The Death Of Black Friday

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Five years ago, this column wondered what happened to Black Friday.
I lamented the end of the one-day bargains that had people lining up for hours in the dead of night to secure that three-dollar foot massager at the crack of dawn. Intelligent shoppers would plan their assault on retail locations using military-like precision. It wasn’t enough to know what sales you would be taking advantage of; you needed to know where to go first.
Stores advertising limited quantities of your must-have gifts needed to be hit early in the day, or you would be shut out. You could always circle back for something else later in the day. My brother and Sister-in-Law were the King and Queen of Black Friday shopping. Taking advantage of the hundreds of printed circulars they received in the week leading up to Black Friday, they would plot out a course of attack that was second to none.
All that ended thanks to the violence several idiots would perpetrate because they acted like animals when the store doors were finally opened. No retail giant wanted to be associated with violence, so they began offering Black Friday deals all weekend. Some even guaranteed quantities, so it didn’t matter if you showed up on Sunday afternoon. You were getting that big-screen TV for $199.

Many also offered the same Black Friday deals online, so you didn’t have to get out of bed. Just place your order while wearing your pajamas and they will deliver it for free in a few days. Before they took over the world, Amazon touted a “Cyber Monday” after Thanksgiving for all their sales.
But his year, retailers have effectively killed Black Friday, rendering it useless.
Target, Kohl’s, Walmart, Amazon, and Best Buy are all advertising Black Friday savings for the entire month of November. What’s left for Black Friday?
It’s not like they are “teasing” us with certain items on sale now and holding back their best deals for Black Friday. Retailers are inviting us to shop early and not wait until Black Friday.
The best result of this new “Black November” is that these retail giants will now be closed on Thanksgiving Day, allowing their employees to celebrate with their families. There were quite a few years that Walmart, Target and others would open sometime after dinner on Thanksgiving to avoid the insanity of the projected Black Friday carnage.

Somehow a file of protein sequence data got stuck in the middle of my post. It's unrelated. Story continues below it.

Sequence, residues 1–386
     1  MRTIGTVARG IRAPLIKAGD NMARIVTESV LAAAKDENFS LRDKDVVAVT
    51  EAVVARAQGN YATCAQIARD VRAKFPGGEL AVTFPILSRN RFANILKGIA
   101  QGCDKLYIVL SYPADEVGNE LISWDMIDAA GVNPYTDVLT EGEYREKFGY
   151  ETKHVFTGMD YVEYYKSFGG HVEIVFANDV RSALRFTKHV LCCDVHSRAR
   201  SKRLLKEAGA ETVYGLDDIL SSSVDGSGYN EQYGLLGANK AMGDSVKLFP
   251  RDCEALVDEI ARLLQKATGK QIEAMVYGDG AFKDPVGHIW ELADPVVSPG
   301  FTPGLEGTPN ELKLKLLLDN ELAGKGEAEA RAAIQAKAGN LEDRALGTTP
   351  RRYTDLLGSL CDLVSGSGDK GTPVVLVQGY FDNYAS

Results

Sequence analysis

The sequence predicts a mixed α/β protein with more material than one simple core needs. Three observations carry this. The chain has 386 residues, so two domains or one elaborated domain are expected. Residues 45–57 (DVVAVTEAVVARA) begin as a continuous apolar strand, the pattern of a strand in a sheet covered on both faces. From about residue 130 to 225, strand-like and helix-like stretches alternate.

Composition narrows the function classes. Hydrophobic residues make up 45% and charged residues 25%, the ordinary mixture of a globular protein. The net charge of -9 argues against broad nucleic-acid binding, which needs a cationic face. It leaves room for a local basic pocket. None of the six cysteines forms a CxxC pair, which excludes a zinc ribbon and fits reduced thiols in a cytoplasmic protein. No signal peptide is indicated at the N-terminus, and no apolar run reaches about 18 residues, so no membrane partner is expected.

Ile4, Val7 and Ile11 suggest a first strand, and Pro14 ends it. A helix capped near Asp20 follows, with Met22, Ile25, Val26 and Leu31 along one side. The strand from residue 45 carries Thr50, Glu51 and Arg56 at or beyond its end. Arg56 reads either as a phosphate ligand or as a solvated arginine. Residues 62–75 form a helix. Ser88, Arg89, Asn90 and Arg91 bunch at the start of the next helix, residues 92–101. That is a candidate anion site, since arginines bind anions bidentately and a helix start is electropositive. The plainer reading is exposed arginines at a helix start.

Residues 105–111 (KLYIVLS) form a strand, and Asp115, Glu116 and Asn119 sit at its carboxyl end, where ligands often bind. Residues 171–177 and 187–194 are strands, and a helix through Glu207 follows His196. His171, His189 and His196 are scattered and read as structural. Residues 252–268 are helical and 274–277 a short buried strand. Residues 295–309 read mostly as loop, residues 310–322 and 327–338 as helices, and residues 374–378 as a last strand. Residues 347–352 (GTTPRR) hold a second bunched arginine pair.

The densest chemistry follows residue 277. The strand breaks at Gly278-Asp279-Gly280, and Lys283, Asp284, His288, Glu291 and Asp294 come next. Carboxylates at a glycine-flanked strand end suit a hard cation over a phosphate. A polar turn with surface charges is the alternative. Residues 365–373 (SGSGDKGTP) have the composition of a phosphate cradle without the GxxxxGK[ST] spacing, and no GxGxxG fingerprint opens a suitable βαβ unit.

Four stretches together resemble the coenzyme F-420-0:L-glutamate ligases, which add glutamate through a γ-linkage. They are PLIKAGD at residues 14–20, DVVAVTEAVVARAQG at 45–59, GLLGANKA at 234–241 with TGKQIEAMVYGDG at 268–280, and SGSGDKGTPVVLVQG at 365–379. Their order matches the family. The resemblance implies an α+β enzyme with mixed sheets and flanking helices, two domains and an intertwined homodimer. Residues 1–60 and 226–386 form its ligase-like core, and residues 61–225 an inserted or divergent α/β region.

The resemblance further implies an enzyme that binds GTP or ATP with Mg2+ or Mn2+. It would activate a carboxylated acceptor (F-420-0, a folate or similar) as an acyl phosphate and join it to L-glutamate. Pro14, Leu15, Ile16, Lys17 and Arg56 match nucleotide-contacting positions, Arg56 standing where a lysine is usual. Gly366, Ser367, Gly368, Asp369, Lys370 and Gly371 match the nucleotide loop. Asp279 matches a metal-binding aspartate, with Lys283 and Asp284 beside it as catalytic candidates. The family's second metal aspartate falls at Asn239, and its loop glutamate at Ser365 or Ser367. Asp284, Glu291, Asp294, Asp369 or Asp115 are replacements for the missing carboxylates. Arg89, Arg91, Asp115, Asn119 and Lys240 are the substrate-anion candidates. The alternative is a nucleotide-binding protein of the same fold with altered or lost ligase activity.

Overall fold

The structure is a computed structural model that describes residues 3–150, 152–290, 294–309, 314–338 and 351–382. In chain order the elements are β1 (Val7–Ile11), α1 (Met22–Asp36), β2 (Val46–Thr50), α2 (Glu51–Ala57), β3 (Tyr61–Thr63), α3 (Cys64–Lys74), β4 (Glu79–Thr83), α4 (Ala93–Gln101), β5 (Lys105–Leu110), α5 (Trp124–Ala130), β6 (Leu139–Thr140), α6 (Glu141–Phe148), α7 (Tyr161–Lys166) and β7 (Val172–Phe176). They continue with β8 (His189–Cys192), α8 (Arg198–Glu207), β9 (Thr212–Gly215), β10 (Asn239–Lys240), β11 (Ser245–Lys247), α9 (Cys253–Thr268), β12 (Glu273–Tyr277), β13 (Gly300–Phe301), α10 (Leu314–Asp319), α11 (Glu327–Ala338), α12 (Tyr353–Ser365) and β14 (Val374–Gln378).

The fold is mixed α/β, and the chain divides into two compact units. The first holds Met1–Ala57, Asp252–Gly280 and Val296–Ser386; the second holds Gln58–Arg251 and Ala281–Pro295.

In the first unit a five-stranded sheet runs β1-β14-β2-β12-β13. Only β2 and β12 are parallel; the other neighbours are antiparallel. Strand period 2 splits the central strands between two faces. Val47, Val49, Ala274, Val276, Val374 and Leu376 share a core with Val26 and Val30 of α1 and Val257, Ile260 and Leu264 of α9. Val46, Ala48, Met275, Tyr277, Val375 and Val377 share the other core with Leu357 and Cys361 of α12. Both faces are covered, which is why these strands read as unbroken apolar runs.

So, what do former Black Friday-a-holics do with their free time now?

Unfortunately, I’m not quite ready to do my Christmas shopping in November. Not that I was ever the type of Christmas shopper to be done early and sit back drinking eggnog. I usually did most of my Christmas shopping in the middle of December after I had a better idea of what I wanted to get for gifts.
When the kids were tiny, we would wait for the Sears Christmas catalog to come out and make a wish list as we perused the glossy pages. When they got older, I would take them to Toys-R-Us and walk around the store oohing and aahing while I took copious notes. Then my wife and I would wait until the week before Christmas when there were “extended” store hours and go get everything in one fell swoop.

Sometimes I feel like the old man yelling at the clouds about how much better it was in “my” time. I never did all my holiday shopping on Black Friday, but I certainly took advantage of the great sales now and then. When the pandemic hit in 2020, I found that shopping for presents could be done entirely online. We followed that tradition again in 2021 and never stepped foot inside a retail store.
But once again, corporate greed has taken away the little joy we once had, causing the extinction of Black Friday.

Paul DiSclafani’s new book, A View From The Bench, is a collection of his favorite Long Island Living columns. It’s available wherever books are sold.

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